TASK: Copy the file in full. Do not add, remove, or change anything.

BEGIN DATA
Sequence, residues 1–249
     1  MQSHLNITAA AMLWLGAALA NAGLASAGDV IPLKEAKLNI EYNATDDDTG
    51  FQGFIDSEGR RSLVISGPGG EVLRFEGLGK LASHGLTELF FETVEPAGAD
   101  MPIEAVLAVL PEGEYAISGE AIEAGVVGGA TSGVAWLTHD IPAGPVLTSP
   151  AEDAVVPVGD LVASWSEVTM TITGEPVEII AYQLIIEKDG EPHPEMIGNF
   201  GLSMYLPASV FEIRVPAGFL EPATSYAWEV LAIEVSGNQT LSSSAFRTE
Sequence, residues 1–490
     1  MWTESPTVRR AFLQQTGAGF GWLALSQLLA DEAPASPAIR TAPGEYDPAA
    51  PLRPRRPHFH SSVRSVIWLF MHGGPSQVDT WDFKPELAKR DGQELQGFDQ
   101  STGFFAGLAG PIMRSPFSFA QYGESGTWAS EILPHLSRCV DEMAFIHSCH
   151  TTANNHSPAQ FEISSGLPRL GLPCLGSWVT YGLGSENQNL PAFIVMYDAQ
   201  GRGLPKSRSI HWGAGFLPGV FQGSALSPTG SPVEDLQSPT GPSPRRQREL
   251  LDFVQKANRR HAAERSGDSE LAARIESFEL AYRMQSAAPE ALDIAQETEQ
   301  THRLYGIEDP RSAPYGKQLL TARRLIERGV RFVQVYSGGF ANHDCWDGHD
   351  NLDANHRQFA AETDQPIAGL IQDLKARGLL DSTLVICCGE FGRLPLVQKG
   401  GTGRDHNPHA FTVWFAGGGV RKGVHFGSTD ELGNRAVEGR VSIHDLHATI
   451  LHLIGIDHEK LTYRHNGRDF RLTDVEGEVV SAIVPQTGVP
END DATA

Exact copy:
Sequence, residues 1–249
     1  MQSHLNITAA AMLWLGAALA NAGLASAGDV IPLKEAKLNI EYNATDDDTG
    51  FQGFIDSEGR RSLVISGPGG EVLRFEGLGK LASHGLTELF FETVEPAGAD
   101  MPIEAVLAVL PEGEYAISGE AIEAGVVGGA TSGVAWLTHD IPAGPVLTSP
   151  AEDAVVPVGD LVASWSEVTM TITGEPVEII AYQLIIEKDG EPHPEMIGNF
   201  GLSMYLPASV FEIRVPAGFL EPATSYAWEV LAIEVSGNQT LSSSAFRTE
Sequence, residues 1–490
     1  MWTESPTVRR AFLQQTGAGF GWLALSQLLA DEAPASPAIR TAPGEYDPAA
    51  PLRPRRPHFH SSVRSVIWLF MHGGPSQVDT WDFKPELAKR DGQELQGFDQ
   101  STGFFAGLAG PIMRSPFSFA QYGESGTWAS EILPHLSRCV DEMAFIHSCH
   151  TTANNHSPAQ FEISSGLPRL GLPCLGSWVT YGLGSENQNL PAFIVMYDAQ
   201  GRGLPKSRSI HWGAGFLPGV FQGSALSPTG SPVEDLQSPT GPSPRRQREL
   251  LDFVQKANRR HAAERSGDSE LAARIESFEL AYRMQSAAPE ALDIAQETEQ
   301  THRLYGIEDP RSAPYGKQLL TARRLIERGV RFVQVYSGGF ANHDCWDGHD
   351  NLDANHRQFA AETDQPIAGL IQDLKARGLL DSTLVICCGE FGRLPLVQKG
   401  GTGRDHNPHA FTVWFAGGGV RKGVHFGSTD ELGNRAVEGR VSIHDLHATI
   451  LHLIGIDHEK LTYRHNGRDF RLTDVEGEVV SAIVPQTGVP